I'm going to make two posts today that will change my format just a little; these are not 80s songs. But both of the bands I'll be highlighting in these posts formed in the 80s or earliest 90s, actually signed and released their first material in the mid-90s after it was too late for them to get major mainstream recognition for their work. They both did, however, go on to become major players in the post-mainstream synthpop scene.
They're also quite similar in style in many ways, and I consider the two bands I'll be talking about in these two posts, Mesh and De/Vision, to be amongst the premier "false Depeche Modes" out there.
Perhaps its not really fair to characterize De/Vision (and Mesh, but I'll get to them in the next post) as merely another Depeche Mode imitator, but certainly there's an element to that in their work. Despite coming up through the ranks as synthpoppers, they've gradually converged somewhat with the harder-sounding futurepop in many ways. De/Vision actually formed in the mid to late 80s, and although they wandered throughout Germany with some demos, opening acts and other live shows for a while, they didn't actually release anything until 1993. Their anthem for many years was the song "Try to Forget" which highlights both the strengths and the weaknesses of De/Vision. Like fellow countrymen Camouflage, it was dark-edged, frequently danceable synthpop, very much in the same vein as mid to late 80s Depeche Mode except without (yet) any hint of guitars. "Try to Forget" is a catchy song, and an easily danceable one. It really sounds great. However, if you listen to it too closely, the fact that the songwriter and singer isn't a native English speaker becomes very obvious. The lyrics are often awkwardly written and sung with a strong accent. This is true of much of De/Vision's work even to this day. "Try to Forget" also tries too hard. The subject matter becomes melodramatic to the point of silliness. Yeah, OK, so the subject of the song is lonely. Is that really going to cause her to scream in horror?
In any case, in most respects De/Vision started off very strong and have continued to improve as time has marched on. They haven't changed too dramatically... starting with 1998's Monosex, their samples became much more organic sounding, picking up some "fuzz" so to speak, but that was common right about then, and it makes the songs sound more modern rather than the older, more sterile sound of the 80s and early 90s.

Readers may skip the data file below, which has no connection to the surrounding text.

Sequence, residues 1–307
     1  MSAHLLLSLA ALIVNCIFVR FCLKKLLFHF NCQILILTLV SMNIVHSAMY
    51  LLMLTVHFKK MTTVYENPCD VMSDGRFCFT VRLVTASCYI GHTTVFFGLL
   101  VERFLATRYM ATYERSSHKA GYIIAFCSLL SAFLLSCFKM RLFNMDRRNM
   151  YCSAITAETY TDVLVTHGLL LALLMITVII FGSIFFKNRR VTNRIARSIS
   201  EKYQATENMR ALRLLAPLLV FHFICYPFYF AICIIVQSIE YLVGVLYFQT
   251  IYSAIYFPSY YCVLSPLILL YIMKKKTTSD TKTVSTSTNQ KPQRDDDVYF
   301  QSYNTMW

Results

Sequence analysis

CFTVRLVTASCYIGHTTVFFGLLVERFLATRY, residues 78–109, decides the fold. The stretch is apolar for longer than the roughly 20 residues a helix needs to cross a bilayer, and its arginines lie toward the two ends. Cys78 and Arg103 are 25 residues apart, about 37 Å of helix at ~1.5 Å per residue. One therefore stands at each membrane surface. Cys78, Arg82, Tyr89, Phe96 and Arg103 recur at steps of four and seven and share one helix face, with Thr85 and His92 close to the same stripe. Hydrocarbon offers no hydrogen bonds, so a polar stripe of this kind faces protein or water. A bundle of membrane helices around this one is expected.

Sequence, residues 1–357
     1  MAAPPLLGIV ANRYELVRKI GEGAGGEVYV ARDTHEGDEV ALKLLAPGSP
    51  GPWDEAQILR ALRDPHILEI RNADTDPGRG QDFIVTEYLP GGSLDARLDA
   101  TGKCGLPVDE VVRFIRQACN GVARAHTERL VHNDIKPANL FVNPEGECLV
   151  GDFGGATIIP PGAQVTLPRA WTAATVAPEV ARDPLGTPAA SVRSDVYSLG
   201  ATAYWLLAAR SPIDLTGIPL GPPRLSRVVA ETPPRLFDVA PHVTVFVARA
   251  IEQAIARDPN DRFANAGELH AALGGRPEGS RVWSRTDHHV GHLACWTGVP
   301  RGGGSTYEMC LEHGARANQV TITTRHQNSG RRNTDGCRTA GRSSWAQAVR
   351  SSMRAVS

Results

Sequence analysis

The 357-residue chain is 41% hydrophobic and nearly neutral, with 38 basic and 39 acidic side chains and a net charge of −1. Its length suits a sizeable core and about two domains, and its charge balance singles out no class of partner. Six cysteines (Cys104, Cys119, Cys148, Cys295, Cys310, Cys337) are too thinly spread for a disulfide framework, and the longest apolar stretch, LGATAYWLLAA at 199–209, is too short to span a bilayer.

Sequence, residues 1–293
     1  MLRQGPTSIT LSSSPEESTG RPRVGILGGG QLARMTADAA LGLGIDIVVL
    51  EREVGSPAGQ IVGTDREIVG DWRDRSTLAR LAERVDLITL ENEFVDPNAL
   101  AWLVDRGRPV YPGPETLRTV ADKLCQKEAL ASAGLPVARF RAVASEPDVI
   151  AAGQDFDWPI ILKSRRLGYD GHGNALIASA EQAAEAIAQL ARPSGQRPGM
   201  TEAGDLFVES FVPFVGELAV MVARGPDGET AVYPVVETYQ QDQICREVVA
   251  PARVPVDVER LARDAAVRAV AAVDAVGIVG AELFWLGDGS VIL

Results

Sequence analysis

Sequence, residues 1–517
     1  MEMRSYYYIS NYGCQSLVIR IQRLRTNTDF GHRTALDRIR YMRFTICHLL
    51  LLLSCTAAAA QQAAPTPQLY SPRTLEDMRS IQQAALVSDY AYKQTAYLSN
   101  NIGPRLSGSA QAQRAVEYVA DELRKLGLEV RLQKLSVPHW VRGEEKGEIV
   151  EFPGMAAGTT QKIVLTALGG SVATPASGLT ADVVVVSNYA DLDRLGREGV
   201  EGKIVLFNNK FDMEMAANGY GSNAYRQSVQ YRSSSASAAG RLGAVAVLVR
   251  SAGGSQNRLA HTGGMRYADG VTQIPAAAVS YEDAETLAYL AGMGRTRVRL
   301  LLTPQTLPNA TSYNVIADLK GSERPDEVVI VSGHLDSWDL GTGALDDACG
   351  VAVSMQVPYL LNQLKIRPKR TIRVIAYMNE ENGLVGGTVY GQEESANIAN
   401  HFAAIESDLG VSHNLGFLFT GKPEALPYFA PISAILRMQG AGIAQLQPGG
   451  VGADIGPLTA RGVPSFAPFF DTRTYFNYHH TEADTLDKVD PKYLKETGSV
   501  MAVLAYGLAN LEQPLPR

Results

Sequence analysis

With 2000's Void they added a harsher sound and more guitars. A lot of synthpop fans rejected Void, and called it a betrayal of synthpop altogether, disparagingly labeling the effort a "rock" album. A lot of synthpop fans are pretty stupid, though, quite frankly. If Void is a "rock" album and not synthpop, then so is everything Depeche Mode has done from Violator on down, and so is the entire catalog of New Order. That accusation is both puerile and preposterously wrong anyway.
However, De/Vision were a bit gun-shy from departing too much from their trademark sound after that minor experimentation fell kinda flat with many fans. Although they did go a bit up and down in terms of how dark and depressing their sound would be, by and large the post-Void output of De/Vision is remarkably unified in style.
And De/Vision's output has been rather remarkable altogether. From 1993 to 2010, they've released no less than twelve studio albums, several compilations, remix albums, greatest hits and live albums. There's a lot of material out there, and much of it is very, very good; amongst the best in the modern, post-mainstream synthpop scene.
2010's Popgefahr is their latest album (not surprisingly, since it just came out this year) and has a lot of great songs. I short-listed four potential tracks (out of ten) to highlight in this post, and finally settled on "Until the End of Time" which is the final, closing track. Not exactly a dance monster, but certainly highlighting De/Vision's ability to craft these dark, melancholy tracks that see them so often compared to Depeche Mode. Hope you enjoy.